Ahhhh! Can you believe Halloween is today?
Actually, I think I'm ready. I've hidden large bags of candy so high even I wouldn't eat them. Most of the time.
My kids all have their costumes planned out, and I have the after-school schedule down to the minute. (You think I'm joking...)
But there's still one item of Halloween business to attend to - post a tiny story for the Halloweenie Contest. OK, here goes:
How to Carve a Pumpkin
First we need a…
Oh, yes, that is what we need.
And then you have to draw on the pumpkin with…
That will work better.
Draw a face. Don’t worry if the marker creaks. That looks good. Now we need a…
You can’t carve a pumpkin with that! We need a KNIFE.
No. Put that back and help me cut out the top and face. Look inside. Let’s scoop that out with a…
Actually I like that. But go get a SPOON.
With a carrot nose?
And Stay tuned... After Halloween, win or lose, I'll post a video of a 4-year-old reading this tiny story.
Guess What? This November its...
Simple. I’m a picture book writer.
Last year I participated in NaNoWriMo (National Novel Writing Month). The goal of that is to write 50K words in a month. Daunting, right? I didn’t make it. Once I hit about 25K, I couldn’t think of anything else to write.
I hadn’t run out of time, I’d run out of STORY. Why? Because I had a story the size of Diary of a Wimpy Kid or maybe even How to Train Your Dragon. I didn’t have a full-blown YA novel. It wasn’t supposed to be.
But I was determined. I was went back looking for plot holes and writing new scenes. Only one problem. Instead of new scenes for my (ahem) novel, I kept thinking up picture book ideas. I jot each one down and move on to what I thought I wanted to be doing – writing those 50K words.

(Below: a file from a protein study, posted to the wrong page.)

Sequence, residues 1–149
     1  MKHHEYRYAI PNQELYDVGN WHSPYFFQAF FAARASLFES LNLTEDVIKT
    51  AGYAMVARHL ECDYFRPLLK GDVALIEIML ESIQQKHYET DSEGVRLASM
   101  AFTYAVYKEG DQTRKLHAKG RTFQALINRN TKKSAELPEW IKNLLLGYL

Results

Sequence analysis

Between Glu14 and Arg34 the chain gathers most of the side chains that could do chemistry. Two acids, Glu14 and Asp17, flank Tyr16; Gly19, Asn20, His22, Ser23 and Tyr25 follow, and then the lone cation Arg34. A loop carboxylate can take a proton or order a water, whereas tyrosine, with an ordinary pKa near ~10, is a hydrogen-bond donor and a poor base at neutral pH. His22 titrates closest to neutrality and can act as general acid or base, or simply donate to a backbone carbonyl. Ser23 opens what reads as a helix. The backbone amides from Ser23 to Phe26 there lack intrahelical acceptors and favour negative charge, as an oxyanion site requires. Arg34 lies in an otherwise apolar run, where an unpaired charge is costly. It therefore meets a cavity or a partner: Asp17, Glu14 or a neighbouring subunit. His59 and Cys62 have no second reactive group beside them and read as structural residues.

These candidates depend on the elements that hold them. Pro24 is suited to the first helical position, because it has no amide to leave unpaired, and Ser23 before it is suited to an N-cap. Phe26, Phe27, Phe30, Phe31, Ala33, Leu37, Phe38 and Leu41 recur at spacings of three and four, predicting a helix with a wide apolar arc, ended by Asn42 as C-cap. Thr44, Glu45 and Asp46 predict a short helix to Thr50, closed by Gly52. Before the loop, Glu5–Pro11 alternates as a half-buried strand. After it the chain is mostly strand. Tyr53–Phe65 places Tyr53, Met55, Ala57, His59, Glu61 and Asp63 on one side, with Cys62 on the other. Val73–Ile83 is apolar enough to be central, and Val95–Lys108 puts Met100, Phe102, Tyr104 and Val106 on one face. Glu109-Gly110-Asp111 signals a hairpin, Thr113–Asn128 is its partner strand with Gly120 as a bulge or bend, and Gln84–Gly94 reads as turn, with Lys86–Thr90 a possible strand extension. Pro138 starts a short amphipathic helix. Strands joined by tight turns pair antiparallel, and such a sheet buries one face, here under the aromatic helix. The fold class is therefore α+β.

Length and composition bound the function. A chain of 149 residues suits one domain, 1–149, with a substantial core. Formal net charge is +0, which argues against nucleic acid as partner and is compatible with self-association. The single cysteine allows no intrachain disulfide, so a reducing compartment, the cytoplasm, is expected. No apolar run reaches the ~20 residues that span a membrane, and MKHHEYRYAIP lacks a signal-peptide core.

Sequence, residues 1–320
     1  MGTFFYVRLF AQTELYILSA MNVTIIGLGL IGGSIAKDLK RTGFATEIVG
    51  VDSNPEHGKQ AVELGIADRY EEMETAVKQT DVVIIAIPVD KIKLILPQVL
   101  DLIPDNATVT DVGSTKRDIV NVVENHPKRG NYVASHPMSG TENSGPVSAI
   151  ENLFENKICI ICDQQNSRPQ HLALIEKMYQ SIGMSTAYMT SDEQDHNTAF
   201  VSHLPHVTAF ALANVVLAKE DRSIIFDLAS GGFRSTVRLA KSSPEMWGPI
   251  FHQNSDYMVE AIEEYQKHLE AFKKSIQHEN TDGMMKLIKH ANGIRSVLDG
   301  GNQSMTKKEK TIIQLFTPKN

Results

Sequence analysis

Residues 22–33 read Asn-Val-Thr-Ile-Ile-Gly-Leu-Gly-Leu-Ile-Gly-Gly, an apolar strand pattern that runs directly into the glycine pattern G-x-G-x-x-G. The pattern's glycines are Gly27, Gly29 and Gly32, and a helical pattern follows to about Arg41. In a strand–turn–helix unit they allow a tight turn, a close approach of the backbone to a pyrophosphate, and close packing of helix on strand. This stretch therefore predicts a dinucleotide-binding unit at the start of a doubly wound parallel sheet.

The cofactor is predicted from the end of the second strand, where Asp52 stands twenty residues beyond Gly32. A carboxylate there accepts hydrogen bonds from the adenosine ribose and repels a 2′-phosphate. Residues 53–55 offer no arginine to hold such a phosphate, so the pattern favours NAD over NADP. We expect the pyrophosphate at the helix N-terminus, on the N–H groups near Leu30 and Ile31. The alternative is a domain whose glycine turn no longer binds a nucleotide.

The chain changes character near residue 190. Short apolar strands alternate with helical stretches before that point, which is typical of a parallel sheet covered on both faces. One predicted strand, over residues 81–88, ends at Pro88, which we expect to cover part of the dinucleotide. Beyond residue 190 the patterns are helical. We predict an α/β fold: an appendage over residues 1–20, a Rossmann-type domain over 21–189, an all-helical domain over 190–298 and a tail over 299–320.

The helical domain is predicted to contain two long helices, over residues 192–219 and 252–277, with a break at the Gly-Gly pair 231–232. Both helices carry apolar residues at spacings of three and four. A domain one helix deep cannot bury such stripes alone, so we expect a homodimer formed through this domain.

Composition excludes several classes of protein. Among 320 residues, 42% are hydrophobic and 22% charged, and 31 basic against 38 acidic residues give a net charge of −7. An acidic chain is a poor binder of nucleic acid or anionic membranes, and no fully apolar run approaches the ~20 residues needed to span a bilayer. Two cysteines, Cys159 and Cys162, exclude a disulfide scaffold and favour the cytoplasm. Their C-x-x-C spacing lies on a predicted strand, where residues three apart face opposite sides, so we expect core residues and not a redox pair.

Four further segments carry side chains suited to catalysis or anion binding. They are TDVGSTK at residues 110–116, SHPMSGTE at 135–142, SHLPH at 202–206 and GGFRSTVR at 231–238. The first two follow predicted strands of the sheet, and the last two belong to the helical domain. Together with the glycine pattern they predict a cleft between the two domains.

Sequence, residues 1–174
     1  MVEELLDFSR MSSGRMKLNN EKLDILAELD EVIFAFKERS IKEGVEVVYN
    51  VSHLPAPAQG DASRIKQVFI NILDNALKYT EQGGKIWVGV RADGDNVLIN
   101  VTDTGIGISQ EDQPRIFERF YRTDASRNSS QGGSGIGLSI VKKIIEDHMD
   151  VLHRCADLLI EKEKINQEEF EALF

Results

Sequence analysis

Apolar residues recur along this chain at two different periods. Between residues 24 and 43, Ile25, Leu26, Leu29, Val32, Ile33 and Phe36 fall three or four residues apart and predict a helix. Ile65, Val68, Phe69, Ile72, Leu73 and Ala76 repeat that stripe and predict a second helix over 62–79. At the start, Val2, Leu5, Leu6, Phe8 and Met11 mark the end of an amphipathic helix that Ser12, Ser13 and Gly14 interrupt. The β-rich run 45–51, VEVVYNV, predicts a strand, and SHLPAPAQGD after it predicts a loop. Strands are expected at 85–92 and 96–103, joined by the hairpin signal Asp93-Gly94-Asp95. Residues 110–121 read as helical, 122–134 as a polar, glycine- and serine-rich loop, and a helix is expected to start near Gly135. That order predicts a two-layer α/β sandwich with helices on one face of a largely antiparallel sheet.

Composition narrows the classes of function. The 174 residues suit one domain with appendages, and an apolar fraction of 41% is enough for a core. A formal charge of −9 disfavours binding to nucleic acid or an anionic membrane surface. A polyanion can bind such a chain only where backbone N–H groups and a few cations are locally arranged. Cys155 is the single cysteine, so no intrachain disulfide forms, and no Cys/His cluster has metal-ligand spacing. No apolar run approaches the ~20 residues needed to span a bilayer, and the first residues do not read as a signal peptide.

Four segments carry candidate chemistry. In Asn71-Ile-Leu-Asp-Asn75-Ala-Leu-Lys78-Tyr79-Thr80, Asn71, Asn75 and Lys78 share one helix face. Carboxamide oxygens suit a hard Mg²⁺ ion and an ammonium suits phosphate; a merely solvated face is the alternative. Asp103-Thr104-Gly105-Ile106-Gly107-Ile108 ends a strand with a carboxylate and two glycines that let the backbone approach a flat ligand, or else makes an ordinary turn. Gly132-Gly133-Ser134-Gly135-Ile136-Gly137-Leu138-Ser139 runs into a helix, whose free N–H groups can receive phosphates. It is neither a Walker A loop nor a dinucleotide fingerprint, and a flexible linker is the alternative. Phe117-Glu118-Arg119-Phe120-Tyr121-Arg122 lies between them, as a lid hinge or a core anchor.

So, November 30th rolled around and I still had a little over 25K. I had failed.
BUT! I did have a complete first draft of a middle grade book. The more I’m polish it the more I know it will never be 50K. And that’s OK, because most of its comp titles aren’t either. So mine will fit right in. When it’s ready.
PLUS, I had quite a few ideas for some new picture books. Wait-what? How is that a good thing? It didn't have anything to with NaNoWriMo. It was just an annoying distraction. Or was it?...
After that fateful November I wondered if maybe NaNoWriMo is too big for me. Wasn’t there something for us children’s writers who write complete stories in 30K words or less?
WHY, YES THERE IS!
It’s called PiBoIdMo, hosted by Tara Lazar. (She’s that brilliant author who wrote The Monstore, and you just have to Follow her and check out her website because if you don’t you’re missing out!)
No, she didn’t pay me for that plug… what exactly are you implying?
Anyway, PiBoIdMo is this really cool event for those of us who write to a younger audience. We spend each day coming up with at least 1 idea for a picture book. And that’s what I was doing during NaNoWriMo!
Looks like I’d joined the wrong event. Or considering I got a middle grade book out of it, maybe not.
Of course I found out about PiBoIdMo AFTER November, but I did participate in NaPiBoWriWee (National Picture Book Writing Week) in May. I used some of the ideas that had popped into my head while I had been working on my (ahem) novel.
THIS year, I’m not going to do NaNoWriMo (but I’m cheerleading all my author friends who do –GO! GO! Write! Write! You can do it, every night!). Instead, I’m doing PiBoIdMo (GO! GO! Think! Think! I’m hoping my ideas won’t stink! –OK, I’ll stop.)
And here's how I'm getting geared up for it:
1) Join the PiBoIdMo 2011 Facebook group
2) Share Tara's "Kick Off Party" handouts
3) Find a system that will keep all my ideas in one place (so that no one thinks that collection of napkins, receipts, postits, and other scraps of paper are just fodder for the recycle bin) I know! I'll make a document on my computer where I can put all those ideas... then I can recycle the scraps. Maybe.
4) Buy a big bag of Chocolate. (I'll wait until Halloween.) Yum. Chocolate.
5) Read a boatload of picture books (Um, you know the library only allows 50 books at a time, right?)
6) Think about characters, emotions, and actions. All the things that help you come up with great story ideas.
7) STOP THINKING! It's not November yet.
I write about, with, for, and around kids all day. (Well, maybe I do the dishes too. Sometimes.)